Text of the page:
Allergies and irritants also cause a range of symptoms in dogs, including itching and scratching diarrhea, vomiting, itchy ears, sneezing, coughing, watery eyes, and swelling of the face, eyelids, and lips.
Anxiety or stress
Anxiety or stress also causes drooling and lip licking in dogs. Some dogs may drool and lick their lips when they are feeling anxious or stressed.
Stress can come from a variety of sources such as a change in their environment or routine, being left alone, new people or pets, loud noises, and other fear-related stressful situations.
Stress and anxiety also cause a variety of symptoms including pacing, loss of appetite, shaking, drooling, yawning, crying, barking, and hiding.
Foreign object in the mouth
The presence of an irritant or foreign object in a dog’s mouth can also cause drooling and lip licking.
If your dog has something stuck in their mouth or throat, they may drool and lick their lips in an effort to remove it which is a natural reflex that helps to clear an irritant.
The different types of foreign objects that can be ingested by a dog that may cause drooling and lip licking in dogs include pieces of food or debris stuck in the teeth or gums, splinters or other sharp objects broken toys, or bones.
If you suspect that your dog may have an irritant or foreign object stuck in their mouth or throat, other signs to look for include:
- Pawing at the mouth or face
- Gagging or coughing
- Difficulty in swallowing
- Different barking sound
Dog drooling and licking lips: What to do and when to seek help
Observe your dog’s behavior
First, pay attention to when your dog is showing the behavior and what other symptoms they may be experiencing. Take note of any triggers that seem to cause the behavior, that is, are they just excited? Do they look distressed? Nauseated? Or sick?
Make sure that your dog’s basic needs are met which includes ensuring they have enough food and water.
If you suspect that your dog may be experiencing anxiety or stress, there are a few things you can do to help alleviate the symptoms:
- Provide a safe and comfortable environment for your dog
- Consult with your veterinarian about medications or other treatment options
If you suspect that your dog may be allergic to something in their environment, there are a few things you can do to help alleviate the symptoms:
- Remove the allergen or irritant from your dog’s environment, if possible
- Use hypoallergenic shampoos and grooming products
- Use air purifiers to help remove allergens from the air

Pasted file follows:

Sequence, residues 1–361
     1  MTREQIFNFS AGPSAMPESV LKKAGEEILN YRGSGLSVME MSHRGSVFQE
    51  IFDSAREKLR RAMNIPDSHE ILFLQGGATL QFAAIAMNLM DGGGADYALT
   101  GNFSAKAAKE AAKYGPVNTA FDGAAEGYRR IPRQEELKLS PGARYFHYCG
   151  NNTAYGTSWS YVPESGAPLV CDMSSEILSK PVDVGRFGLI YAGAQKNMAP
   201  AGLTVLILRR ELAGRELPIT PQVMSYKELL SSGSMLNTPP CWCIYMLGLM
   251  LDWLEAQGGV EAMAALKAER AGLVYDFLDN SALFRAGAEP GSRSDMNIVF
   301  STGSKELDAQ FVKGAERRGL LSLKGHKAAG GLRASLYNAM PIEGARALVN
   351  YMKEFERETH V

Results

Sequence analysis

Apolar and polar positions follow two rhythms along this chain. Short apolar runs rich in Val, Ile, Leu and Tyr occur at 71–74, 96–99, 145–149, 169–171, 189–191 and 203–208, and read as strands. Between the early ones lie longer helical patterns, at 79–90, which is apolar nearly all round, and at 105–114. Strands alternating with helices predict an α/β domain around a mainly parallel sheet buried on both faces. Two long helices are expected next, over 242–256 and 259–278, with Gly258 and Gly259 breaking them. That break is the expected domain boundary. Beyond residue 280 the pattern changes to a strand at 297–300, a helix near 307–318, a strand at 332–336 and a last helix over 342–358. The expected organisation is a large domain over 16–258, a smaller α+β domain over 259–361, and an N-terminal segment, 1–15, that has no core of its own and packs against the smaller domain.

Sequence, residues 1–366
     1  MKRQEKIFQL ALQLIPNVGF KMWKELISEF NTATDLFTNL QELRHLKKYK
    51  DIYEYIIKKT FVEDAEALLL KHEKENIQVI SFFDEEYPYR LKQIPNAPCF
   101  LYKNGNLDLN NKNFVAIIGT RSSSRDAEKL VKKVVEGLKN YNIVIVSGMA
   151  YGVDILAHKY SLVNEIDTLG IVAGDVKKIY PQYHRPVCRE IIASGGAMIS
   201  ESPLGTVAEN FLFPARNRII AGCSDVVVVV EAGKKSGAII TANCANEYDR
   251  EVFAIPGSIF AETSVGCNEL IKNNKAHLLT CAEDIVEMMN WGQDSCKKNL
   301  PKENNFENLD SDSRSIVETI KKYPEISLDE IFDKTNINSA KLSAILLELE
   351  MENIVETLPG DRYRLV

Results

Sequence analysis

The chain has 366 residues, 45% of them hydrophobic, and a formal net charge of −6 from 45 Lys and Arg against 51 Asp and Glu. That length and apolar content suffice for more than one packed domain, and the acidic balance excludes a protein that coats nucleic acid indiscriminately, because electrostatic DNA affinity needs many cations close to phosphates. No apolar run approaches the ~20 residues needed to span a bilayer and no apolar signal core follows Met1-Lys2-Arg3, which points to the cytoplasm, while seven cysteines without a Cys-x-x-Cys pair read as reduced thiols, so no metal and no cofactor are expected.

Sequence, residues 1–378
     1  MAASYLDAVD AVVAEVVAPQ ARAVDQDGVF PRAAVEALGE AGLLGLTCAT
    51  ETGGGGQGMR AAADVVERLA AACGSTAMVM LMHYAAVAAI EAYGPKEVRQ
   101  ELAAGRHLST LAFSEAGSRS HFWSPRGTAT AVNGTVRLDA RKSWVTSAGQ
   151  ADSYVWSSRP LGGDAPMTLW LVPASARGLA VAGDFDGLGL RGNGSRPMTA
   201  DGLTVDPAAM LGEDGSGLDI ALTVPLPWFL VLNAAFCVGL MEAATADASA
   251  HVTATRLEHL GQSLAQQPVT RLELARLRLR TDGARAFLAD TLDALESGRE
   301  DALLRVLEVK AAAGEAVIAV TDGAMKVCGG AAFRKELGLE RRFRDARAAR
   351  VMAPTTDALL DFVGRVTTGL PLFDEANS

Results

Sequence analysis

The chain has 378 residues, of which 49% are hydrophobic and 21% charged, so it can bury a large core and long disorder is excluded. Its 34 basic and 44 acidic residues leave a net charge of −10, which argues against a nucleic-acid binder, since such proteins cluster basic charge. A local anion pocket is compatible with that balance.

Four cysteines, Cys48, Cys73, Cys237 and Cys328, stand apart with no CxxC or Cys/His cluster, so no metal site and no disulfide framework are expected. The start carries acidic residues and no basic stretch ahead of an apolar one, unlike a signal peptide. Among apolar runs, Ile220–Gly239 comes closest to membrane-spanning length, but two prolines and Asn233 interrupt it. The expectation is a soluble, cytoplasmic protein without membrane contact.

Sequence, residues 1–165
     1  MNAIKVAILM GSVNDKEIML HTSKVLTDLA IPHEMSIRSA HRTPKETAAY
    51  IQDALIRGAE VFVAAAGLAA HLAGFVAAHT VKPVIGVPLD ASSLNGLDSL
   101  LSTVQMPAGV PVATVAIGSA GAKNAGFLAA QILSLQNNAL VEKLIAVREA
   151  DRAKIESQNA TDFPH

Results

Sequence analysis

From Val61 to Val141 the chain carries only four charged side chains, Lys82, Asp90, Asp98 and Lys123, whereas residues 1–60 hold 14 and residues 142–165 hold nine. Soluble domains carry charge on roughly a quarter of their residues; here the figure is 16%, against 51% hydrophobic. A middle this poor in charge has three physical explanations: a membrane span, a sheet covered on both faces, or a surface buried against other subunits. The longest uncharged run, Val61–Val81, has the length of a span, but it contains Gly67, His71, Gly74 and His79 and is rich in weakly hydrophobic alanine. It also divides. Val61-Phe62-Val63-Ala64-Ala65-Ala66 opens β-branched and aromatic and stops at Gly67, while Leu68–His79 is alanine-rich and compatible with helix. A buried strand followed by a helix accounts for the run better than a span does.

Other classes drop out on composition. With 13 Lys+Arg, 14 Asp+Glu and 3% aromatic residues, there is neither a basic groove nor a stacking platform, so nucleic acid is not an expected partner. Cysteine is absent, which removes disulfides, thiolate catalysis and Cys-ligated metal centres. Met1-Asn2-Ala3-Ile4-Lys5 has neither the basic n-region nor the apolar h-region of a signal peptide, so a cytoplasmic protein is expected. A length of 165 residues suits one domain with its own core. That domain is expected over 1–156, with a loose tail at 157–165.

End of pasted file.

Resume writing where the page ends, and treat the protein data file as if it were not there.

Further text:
- Consult with your veterinarian about allergy medications or other treatment options
Check for foreign objects that may be stuck in teeth or gums by looking in your dog’s mouth. Seek immediate medical care if they have ingested an object.
Also, check for dental problems and if you suspect that your dog may have dental problems, take them to the veterinarian for a check-up.
Consult with your veterinarian
If you are unable to identify the potential cause of your dog’s drooling and licking of lips or if the behavior persists, consult with your veterinarian. This is because the behavior can be due to an underlying medical condition.
The veterinarian will conduct a full examination, determine the underlying cause and develop a more comprehensive plan to address your dog’s behavior.
If it is a behavioral problem, they will also guide you on ways to stop the behavior and may also recommend an animal behaviorist for training needs.
A veterinarian should also be consulted regarding your dog’s drooling and licking lips when:
The behavior is excessive: If your dog’s drooling and licking lips are sudden or out of character, it could be a sign that there’s an underlying medical issue.
Ingested a foreign object: If you suspect that your dog may have an irritant or foreign object stuck in their mouth or throat.
Additional symptoms: If your dog is showing other signs of illness or discomfort, such as lethargy, loss of appetite, or changes in bowel or bladder habits, seek veterinary care.
The behavior is persistent: Also talk to your veterinarian if your dog’s drooling and licking lips continue despite your efforts to address the behavior.
Pre-existing medical conditions: If your dog has pre-existing medical conditions, such as kidney disease or diabetes, that could be causing the behavior, consult with your veterinarian to determine the best course of treatment.
Key Takeaway: Dog drooling and licking lips
Drooling and lip licking in dogs can be caused by a variety of factors, ranging from normal behavior to serious medical conditions.
Therefore it is important to observe your dog’s behavior and consult with your veterinarian if you are unsure of the cause or if the behavior persists despite your efforts to address the problem.
The appropriate treatment will depend on the underlying cause of the drooling and lip licking. Following the treatment plan recommended by your veterinarian and monitoring your dog’s progress can effectively address your dog’s drooling and licking.